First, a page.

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Konstantine Rybnikov committed ff9f2cb

add double-call-hack post

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source/en_posts/2012-07-12-regular-python-engineer.rst

  Regular Python Engineer Skills
 ================================
 
+.. warning::
+
+   This post is still in-progress. Please be patient and don't read it
+   if you are lazy to re-read it when it's ready. When I'm finished, I
+   will publish it on hacker news, reddits and so on, and if you are
+   interested -- you will probably won't miss it.
+
+.. note::
+
+   On my current I was asked to write a document that would cover some
+   basic knowledge areas for people who want to become regular python
+   programmer, since there was often a situation when people were
+   hided with comments "but still has lack of knowledge in XXX". So,
+   based on that comments, I'll try to write that doc. I believe it's
+   best to show it to community, otherwise it would be just a wase of
+   time.
+
 This document aims to cover different gaps that regular engineer might
 have, and ways to improve them in most common aspects. This document
 is incomplete and should be updated with missing common needs for

source/en_posts/2012-07-13-django-bad-parts.rst

+=====================
+ Bad parts of django
+=====================
+
+.. warning::
+
+   This post is still in-progress. Please be patient and don't read it
+   if you are lazy to re-read it when it's ready. When I'm finished, I
+   will publish it on hacker news, reddits and so on, and if you are
+   interested -- you will probably won't miss it.
+
+* There's no ``session`` in ORM, so if you want flexibility in some
+  situations not to call ``save()``, and in some -- do call, then you
+  need to implement ``save=True`` parameter in your business-logic.
+* There's no identity-map in ORM, so you need to make sure by yourself
+  that if you modified some object (and did not save it), all later
+  code will use the same object. Also you get additional queries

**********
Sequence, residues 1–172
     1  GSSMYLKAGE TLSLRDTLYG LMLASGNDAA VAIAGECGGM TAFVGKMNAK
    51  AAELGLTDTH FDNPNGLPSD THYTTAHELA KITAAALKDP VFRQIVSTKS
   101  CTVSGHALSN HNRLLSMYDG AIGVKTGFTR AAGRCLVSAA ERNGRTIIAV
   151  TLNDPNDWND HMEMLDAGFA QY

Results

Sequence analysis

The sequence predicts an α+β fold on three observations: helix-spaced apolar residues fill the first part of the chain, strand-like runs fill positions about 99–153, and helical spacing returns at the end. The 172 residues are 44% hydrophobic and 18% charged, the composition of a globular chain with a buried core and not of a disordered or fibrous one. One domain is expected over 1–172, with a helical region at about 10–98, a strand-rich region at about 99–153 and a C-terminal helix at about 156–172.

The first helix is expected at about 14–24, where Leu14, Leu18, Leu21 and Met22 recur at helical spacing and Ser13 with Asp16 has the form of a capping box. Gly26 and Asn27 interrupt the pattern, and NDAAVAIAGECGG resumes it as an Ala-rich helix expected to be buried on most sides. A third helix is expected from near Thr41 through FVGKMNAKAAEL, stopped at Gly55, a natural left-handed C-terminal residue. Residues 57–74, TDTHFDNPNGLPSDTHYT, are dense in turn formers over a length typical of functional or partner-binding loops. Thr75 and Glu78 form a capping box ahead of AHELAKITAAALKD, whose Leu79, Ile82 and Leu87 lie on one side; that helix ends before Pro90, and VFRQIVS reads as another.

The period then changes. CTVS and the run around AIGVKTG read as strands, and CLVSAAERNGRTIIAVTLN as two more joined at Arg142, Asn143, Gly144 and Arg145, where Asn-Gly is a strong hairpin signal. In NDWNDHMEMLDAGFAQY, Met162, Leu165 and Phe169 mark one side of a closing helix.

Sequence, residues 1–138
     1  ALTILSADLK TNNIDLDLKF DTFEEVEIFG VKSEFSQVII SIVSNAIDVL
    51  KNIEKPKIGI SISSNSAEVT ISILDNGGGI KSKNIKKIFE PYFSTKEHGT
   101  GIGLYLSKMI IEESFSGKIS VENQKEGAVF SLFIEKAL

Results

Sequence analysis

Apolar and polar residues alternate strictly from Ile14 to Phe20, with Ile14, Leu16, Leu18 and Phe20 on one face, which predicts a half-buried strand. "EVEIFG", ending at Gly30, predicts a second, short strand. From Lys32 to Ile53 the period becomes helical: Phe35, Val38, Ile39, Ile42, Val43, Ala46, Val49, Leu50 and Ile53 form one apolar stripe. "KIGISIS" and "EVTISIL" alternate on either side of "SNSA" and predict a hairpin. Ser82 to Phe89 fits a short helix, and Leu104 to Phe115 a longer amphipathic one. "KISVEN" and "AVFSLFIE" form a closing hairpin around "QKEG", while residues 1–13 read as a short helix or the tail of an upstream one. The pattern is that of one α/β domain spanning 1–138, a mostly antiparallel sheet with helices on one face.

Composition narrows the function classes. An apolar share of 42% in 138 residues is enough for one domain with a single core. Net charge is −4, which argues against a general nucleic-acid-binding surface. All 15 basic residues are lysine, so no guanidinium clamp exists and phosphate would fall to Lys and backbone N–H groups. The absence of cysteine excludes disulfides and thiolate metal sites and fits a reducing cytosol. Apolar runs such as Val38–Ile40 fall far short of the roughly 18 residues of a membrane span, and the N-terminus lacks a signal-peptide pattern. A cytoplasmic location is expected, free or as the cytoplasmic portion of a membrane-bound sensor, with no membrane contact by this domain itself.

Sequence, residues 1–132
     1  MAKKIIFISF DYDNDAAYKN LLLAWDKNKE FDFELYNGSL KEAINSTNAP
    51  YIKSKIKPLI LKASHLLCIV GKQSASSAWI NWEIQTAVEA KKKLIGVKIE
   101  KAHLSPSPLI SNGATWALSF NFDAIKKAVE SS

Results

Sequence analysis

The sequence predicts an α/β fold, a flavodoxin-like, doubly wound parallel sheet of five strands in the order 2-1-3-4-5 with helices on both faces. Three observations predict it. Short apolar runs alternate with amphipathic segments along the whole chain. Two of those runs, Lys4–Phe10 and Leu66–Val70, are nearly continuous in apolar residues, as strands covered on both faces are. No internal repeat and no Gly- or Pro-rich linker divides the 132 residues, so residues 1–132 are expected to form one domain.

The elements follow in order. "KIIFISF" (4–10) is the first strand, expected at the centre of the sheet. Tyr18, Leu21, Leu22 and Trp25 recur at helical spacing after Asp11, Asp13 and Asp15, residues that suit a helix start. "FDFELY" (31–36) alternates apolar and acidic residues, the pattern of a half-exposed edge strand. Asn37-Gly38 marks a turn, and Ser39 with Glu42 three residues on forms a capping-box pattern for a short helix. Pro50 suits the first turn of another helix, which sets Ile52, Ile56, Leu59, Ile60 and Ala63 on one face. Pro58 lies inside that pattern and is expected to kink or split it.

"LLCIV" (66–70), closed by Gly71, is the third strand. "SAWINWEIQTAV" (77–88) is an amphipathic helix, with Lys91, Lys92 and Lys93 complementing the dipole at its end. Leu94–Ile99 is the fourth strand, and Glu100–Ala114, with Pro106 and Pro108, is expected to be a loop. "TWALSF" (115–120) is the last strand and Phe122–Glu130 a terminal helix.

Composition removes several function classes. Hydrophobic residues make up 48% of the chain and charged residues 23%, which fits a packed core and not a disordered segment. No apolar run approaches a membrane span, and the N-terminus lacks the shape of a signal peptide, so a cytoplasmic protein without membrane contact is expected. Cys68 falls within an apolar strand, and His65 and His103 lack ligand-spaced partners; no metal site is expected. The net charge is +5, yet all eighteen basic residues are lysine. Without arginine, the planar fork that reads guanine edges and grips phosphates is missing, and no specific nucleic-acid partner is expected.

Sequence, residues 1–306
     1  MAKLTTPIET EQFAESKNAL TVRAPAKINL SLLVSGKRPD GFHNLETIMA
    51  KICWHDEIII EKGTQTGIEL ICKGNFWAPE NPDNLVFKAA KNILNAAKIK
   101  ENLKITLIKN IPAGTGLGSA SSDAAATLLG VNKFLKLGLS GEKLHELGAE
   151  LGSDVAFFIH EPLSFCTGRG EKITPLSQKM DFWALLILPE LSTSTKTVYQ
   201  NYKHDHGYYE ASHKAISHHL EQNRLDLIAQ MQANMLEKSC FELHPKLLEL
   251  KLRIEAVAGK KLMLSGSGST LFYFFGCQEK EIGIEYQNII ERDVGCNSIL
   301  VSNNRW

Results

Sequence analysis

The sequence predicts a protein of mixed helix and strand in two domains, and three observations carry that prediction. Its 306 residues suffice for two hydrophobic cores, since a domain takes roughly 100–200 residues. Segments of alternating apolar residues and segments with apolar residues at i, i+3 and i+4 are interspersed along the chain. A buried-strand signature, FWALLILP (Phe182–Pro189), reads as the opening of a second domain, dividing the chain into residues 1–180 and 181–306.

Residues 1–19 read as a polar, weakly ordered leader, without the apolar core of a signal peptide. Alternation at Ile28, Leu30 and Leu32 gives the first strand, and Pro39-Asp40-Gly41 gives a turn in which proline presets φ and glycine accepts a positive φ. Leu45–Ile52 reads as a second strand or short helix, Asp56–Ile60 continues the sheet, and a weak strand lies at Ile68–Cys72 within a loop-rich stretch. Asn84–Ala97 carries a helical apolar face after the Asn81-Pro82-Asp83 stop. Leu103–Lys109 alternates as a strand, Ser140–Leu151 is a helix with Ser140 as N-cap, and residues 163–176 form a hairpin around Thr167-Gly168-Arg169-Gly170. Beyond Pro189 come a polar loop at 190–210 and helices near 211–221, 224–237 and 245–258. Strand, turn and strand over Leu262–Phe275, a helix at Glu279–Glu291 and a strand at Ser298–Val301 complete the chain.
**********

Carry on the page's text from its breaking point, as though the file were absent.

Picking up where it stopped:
+  everywhere, and if you have "by id" external links, you can't do
+  quicks optimization by just selecting "most hot" objects once, and
+  be sure they'll be loaded from memory (or do it by hands).

source/en_posts/2012-07-13-double-call-hack.rst

+:Date: 2011-05-13
+
+=================================================
+ Pyton double-call hack in for mocking date/time
+=================================================
+
+In unit- and functional-testing you want to somehow deal with dates,
+and when you run test you want to set your own date (result of
+``utcnow()``) call.
+
+With `Mock <http://mock.readthedocs.org/>`_ module you have great
+``patch`` method to patch things (or ``p`` method from my `mockstar
+<http://mockstar.readthedocs.org/>`_ enhances on ``Mock``
+library). How it works is basically it goes to module you tell it to
+and replaces ``__dict__["member"]`` to your var. Consider an example:
+
+.. code-block:: python
+
+    # proj/foo/bar.py
+
+    import datetime
+
+    def my_great_function():
+        current_time = datetime.datetime.utcnow()
+        if current_time.year > 2012:
+            return 'new'
+        else:
+            return 'old'
+
+To test this function with your own time, what you can do with
+``patch`` is:
+
+.. code-block:: python
+
+    # tests/proj/foo/bar_test.py
+
+    from mock import patch
+    from proj.foo.bar import my_great_function
+    from proj.core.test import BaseTestCase
+
+    class TestMyGreatFunction(BaseTestCase):